Hazen: Yeah. I think because I had so much time, I kind of looked at how much time I had after I was coming off a bit of plantar fasciitis in December and January, started looking at things, started considering maybe a spring race. And then as I was looking at the calendar, I was like, I don’t know what’s going to happen. And so I decided not to count on a spring race happening and I was like, you know, I think this will be the perfect amount of time to do very long training block for Western States and it allowed me to build in rest weeks and to take a very gradual approach. So I wasn’t really risking injury as much, trying to build up really fast or trying to do a quick turnaround from a race, so it ended up being very close to how I drew it out at the end of February when I was writing everything down. Which is great and partially lucky as well. Yeah, it’s been a very, very good training block so I’m excited.

iRunFar: You live in Flagstaff, Arizona and so you have the hills around there to train on, once it’s not winter, but you also have the Grand Canyon at your disposal, which is pretty amazing Western States training grounds. What have you been doing around home for your training?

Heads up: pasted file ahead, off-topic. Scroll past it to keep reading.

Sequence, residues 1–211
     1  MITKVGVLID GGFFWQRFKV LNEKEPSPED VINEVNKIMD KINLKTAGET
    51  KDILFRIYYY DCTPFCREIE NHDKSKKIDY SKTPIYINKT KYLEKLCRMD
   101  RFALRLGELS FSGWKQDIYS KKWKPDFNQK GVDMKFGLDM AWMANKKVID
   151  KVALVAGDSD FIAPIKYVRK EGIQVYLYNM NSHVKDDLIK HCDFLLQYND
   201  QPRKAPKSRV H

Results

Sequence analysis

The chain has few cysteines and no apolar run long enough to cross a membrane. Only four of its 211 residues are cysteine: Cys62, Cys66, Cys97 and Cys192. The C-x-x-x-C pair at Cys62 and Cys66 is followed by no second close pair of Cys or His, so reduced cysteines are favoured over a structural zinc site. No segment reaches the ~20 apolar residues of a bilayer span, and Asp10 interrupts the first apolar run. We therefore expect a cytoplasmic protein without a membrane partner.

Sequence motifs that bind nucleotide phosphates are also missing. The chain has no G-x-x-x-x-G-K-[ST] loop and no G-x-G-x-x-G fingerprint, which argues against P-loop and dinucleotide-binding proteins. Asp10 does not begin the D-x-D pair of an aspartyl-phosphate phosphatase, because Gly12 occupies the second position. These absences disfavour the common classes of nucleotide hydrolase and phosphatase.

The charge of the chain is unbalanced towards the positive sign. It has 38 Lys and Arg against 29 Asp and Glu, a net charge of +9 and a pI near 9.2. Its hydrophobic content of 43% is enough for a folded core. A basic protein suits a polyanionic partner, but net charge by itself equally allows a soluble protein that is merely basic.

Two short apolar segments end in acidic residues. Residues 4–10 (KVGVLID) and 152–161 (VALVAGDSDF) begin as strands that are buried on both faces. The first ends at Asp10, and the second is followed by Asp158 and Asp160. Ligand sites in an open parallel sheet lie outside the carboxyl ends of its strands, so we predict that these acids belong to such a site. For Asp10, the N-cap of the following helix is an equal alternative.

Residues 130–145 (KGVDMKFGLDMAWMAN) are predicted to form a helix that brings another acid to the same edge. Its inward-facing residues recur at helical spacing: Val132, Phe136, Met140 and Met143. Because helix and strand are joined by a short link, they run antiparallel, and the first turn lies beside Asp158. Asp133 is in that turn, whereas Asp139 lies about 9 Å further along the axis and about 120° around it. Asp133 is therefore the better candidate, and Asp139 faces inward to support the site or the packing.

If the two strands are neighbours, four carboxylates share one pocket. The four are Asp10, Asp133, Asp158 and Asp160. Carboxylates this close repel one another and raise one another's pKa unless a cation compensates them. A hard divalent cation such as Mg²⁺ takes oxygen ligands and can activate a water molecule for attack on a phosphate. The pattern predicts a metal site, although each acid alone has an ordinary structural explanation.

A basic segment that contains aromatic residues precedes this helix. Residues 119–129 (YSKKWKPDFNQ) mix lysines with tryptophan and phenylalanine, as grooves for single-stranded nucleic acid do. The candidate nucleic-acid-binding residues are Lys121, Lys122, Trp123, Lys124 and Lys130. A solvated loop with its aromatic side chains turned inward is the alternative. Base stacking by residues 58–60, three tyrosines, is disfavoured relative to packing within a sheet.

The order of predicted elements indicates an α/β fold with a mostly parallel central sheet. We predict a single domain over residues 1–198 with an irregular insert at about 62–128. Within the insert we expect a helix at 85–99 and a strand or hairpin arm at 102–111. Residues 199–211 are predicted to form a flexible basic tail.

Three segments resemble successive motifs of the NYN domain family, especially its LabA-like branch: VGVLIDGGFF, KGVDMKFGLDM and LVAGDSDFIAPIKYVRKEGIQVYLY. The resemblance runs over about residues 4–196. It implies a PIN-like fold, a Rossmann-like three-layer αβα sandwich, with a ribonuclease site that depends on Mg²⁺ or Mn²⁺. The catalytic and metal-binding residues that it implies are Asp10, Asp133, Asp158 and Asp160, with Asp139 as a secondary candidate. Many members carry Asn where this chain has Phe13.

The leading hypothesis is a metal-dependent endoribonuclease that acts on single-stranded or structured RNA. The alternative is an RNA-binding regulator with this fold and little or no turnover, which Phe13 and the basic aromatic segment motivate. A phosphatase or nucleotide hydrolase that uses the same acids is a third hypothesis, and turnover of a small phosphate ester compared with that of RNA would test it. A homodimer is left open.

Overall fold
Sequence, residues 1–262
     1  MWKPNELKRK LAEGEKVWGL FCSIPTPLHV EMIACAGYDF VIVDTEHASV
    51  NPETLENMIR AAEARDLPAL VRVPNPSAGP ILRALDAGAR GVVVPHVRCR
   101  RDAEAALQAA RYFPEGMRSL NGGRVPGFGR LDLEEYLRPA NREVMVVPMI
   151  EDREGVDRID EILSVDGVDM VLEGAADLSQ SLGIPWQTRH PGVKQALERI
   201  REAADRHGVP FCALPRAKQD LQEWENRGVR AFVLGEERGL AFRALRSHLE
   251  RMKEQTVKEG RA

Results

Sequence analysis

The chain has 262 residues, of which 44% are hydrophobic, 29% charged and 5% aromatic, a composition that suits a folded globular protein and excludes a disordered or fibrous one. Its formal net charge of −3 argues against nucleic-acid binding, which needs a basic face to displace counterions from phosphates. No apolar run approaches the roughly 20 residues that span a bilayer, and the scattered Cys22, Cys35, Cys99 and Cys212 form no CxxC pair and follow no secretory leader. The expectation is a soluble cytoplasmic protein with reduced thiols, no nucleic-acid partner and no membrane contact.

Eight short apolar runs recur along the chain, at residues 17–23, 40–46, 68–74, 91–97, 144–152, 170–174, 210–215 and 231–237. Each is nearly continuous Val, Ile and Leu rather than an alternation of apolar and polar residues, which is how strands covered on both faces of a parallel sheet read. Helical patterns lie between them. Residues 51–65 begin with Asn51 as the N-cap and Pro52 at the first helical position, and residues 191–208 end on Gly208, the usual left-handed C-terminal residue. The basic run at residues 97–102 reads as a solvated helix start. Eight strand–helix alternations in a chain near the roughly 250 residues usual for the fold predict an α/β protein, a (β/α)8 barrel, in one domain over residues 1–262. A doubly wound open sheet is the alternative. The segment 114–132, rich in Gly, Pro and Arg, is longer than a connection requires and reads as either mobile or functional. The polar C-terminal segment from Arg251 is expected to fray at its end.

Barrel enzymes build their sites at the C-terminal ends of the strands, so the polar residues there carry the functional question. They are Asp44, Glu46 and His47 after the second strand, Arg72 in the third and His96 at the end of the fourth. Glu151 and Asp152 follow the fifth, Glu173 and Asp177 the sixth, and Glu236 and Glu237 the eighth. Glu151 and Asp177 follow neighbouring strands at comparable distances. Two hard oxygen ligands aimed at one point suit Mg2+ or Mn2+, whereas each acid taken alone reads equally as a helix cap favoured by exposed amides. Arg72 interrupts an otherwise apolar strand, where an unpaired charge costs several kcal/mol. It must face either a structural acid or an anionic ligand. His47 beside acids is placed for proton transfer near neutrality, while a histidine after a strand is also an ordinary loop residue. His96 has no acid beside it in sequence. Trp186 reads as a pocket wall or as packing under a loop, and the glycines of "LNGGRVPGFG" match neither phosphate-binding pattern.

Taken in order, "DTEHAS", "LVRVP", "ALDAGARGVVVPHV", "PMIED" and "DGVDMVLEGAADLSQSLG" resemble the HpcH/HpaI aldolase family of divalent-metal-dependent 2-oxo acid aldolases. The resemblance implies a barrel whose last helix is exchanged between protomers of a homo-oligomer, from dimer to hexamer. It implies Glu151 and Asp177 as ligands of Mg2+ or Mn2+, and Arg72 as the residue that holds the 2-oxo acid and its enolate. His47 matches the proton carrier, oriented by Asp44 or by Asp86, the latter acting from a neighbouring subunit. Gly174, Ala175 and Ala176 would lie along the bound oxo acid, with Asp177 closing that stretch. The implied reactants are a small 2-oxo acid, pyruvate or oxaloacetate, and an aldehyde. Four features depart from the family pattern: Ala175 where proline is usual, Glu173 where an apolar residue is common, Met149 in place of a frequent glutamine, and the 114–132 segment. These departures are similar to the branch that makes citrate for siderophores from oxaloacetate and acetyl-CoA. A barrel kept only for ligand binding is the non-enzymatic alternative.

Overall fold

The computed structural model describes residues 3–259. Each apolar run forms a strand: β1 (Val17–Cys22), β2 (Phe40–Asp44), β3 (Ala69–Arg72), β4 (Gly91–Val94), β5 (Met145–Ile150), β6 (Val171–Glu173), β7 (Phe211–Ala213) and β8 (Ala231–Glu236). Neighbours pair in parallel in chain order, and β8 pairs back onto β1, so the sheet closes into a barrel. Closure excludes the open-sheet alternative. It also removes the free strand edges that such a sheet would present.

Hazen: Yeah, training in the Grand Canyon is something I do about once a week. I occasionally do it twice a week but, I kind of started earlier in the training block doing a lot of 21-mile runs in there. So just running down to the river, up, and then back along the rim. Then as I started getting into late April and May, I started doing a 30-mile route starting at the South Kaibab Trailhead and running out to Cottonwood Campground and back. And I think I did that 30-mile run like five different times. And it’s great because it is so much like Western States because when you’re in the canyon, you have access to drinking water, you have access to the Colorado River and Bright Angel Creek on hot days to cool off. It’s really good simulation and it’s great practice to be down there when it’s really hot and be kind of not feeling so good and then knowing that you can get in the creek, cool off, and just feeling that and being like, okay I’m fine, I’m just hot. Yeah, I had a lot of difficult days down there where I would run out to Cottonwood and get back to the Colorado River and have the 5,000-foot climb back up to the South Rim. There were just days where I was running out to Cottonwood and was like, I feel so bad today, how am I going to get out of here? So it was really good practice to just be like, we’ve got to start feeling a little bit better by the time we start this climb and trying to figure out ways to do that, so great 100-mile simulation.